‘Fences’ (2016) and the Scene of Conflict Trailer

There is a certain art to trailer making. Achieved by treading a thin line between showing enough of a film to elicit interest yet holding back enough to avoid spoilers, such a balance is an elusive accomplishment. Considering this criterion against the need for such a promotional device, the sustained anticipation for a film cultivated within prospective audiences is a tricky medium to ensure in the run-up to its release. In advertising though, a film becomes a product over a piece of art, and it is through this circumstantial change of status whereby trailers often lose sight of the essence of a film and how they should be presenting them. While there are some exceptions, directors tend not to have creative control over the composition of trailers, instead external agencies are often commissioned with assembling films into this format. Naturally, with this division between creator and creation problems can arise with the marketing device, not only in the content shown within a trailer but in the way it is shown. In the first trailer for Fences (2016) however, the story of an African-American family in 1950’s Pittsburgh navigating race relations amidst their relationships with one another, a carefully chosen scene of conflict is selected to focus upon that thematically summarises the film, skilfully balancing intrigue through reservation.

Opening with the sound of sawing as the production companies and distributor is listed over a black background, the trailer begins with a son innocently asking his father, “How come you ain’t ever liked me?”. What follows for almost the entire length of the trailer is the father’s long response; a response which paints a picture of a man jaded and cynical with his lot in life as he aggressively explains his responsibilities and obligations. “A man is supposed to take care of his family,” he declares, “You live in my house, fill your belly with my food, put your behind on my bed coz you’re my son. It’s my duty to take care of you, I owe a responsibility to you – I ain’t got to like you.” Intercut throughout this tirade are moments from the film illustrating his points: scenes from his working day, times of familial tenderness and a moment of stoically-tinged sadness as he cares for his mentally-disabled brother.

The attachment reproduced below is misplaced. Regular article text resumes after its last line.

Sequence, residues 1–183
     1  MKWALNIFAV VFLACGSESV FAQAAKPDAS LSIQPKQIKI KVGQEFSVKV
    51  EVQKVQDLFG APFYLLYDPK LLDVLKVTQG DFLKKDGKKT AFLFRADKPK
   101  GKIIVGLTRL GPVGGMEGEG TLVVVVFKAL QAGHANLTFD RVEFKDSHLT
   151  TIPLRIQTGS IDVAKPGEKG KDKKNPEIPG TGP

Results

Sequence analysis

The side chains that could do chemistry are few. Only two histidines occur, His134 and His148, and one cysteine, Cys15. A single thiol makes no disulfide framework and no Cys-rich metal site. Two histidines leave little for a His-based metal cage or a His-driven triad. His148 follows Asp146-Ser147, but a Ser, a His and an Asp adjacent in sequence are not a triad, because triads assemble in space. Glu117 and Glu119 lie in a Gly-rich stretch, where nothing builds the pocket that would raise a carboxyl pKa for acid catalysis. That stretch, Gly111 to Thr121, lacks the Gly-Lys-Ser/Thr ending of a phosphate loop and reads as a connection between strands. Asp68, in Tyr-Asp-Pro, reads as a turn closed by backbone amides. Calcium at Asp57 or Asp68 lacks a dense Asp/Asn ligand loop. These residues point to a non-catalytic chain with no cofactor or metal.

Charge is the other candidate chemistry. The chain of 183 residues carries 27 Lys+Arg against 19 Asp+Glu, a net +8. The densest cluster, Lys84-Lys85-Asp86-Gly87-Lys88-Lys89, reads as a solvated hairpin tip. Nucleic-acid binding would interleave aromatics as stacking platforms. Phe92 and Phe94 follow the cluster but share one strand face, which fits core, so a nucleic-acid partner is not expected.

As the father’s’ outburst intensifies, so too does the emotional resonance and speed of the intercut images displayed in tandem with this monologue; all the while adhering to the rhythm of the sawing sound that began the trailer and that has subsequently been reintroduced. The trailer then culminates in a similarly heated exchange he shares with his wife – itself a clever edit of a separate scene made to look like a continuation of the earlier exchange – where it becomes apparent when she answers him back that this is not a film that centres on just one man and what others have done to shape him, but equally about how his views and experiences have shaped the loved ones around him. “It’s not easy for me to admit that I’ve been standing in the same place for eighteen years.” he tells her. Finally, the crescendo of sound and image that had steadily built up reaches its zenith as his wife angrily yet tearfully replies, “Well I’ve been standing with you. I gave eighteen years of my life to stand in the same spot as you!” It is then that the film’s title is displayed after a short, lasting image of the enraged wife, abruptly cutting to black.